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Walk with Christ. Run in faith.

As we finish Matthew (yup, we finished the first book), we are at that point where Jesus faces the Cross. That very symbol of shame and condemnation.

From the very start Jesus was making His way to this point of history. You might say that His whole earthly life was leading to this. It was foretold before He was born. He spoke of it on many occasions.

He entered Jerusalem knowing that by the end of chapter 27 he would have been betrayed, denied, condemned, insulted, tortured, spat on, stabbed, and crucified.

It's a good thing the story goes on to chapter 28.

Where the previous chapter ends with a sealed tomb, chapter twenty-eight opens to an early Sunday morning. Bright. New. And with a resurrected Saviour.


Let's read
Matthew chapters 26, 27, and 28


Now think about this.

As I read, I can't help but sing along with this song:


“As you know, Passover begins in two days, and the Son of Man will be handed over to be crucified.” (Matt 26.2)

Don't you find it fascinating that the crucifixion happened at Passover? I can never get over it! Here was the whole community getting ready to celebrate Passover (prepping their lambs for sacrifice). Yet here was the Lamb of God preparing himself to be the sacrifice once and for all. That through Him, God would passover all our sins. Still they all missed it.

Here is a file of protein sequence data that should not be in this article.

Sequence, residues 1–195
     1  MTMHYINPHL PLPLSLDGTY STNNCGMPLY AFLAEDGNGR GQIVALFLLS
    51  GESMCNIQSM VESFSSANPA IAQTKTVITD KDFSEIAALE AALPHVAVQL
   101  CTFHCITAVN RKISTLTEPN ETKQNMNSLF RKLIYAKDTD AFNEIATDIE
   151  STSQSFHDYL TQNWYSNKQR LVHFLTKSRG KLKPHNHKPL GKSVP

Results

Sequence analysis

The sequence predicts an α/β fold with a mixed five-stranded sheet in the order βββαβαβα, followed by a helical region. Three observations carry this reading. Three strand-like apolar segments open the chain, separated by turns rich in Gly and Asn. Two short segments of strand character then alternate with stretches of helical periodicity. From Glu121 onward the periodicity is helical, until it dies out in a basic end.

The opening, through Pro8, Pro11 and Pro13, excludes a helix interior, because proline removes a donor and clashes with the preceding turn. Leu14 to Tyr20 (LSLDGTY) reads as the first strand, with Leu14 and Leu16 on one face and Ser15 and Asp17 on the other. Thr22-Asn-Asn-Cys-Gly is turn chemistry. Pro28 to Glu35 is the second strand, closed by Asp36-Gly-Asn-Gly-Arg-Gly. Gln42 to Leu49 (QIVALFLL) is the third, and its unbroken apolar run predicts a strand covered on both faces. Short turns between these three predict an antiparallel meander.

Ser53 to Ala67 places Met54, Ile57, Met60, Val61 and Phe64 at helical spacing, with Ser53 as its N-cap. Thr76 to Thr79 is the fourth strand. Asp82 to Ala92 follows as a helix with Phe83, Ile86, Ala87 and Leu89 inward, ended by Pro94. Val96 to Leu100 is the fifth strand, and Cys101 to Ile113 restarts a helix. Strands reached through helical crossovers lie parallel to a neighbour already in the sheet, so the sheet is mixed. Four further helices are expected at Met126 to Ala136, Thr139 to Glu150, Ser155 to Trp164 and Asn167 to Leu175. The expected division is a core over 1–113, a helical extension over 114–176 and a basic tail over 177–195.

The disciples were indignant when they saw this. “What a waste!” they said. (Matt 26.8)

It was the closest of Jesus's followers who considered what the woman did (Matt 26.6-13) to be a waste. For those of us who have been in the faith for while, sometimes it takes an outsider to remind us of the high privilege of worshipping Jesus with all that we have.

Pour it all out for Him.


The leading priests picked up the coins. “It wouldn’t be right to put this money in the Temple treasury,” they said, “since it was payment for murder.” (Matt 27.6)

These guys (the temple guys) knew what they were doing! They knew that they were party to murder. They paid to kill an innocent man. Yet. Somehow. These temple guys managed to convince themselves that what they were doing was okay. Possibly right. Justified. Good even.

How often do I justify my actions to convince myself that what I am doing is all right? How good have I gotten at fooling myself? Even if I know (pushed deep down) that what I am doing is totally wrong.


Don’t be afraid! (Matt 28.10)

What wonderful words to hear on the dawn of a new day! Could there be better words to hear when you are despairing; hopeless; confused; unsure; hurt; scattered; defeated?

Friend, don't be afraid.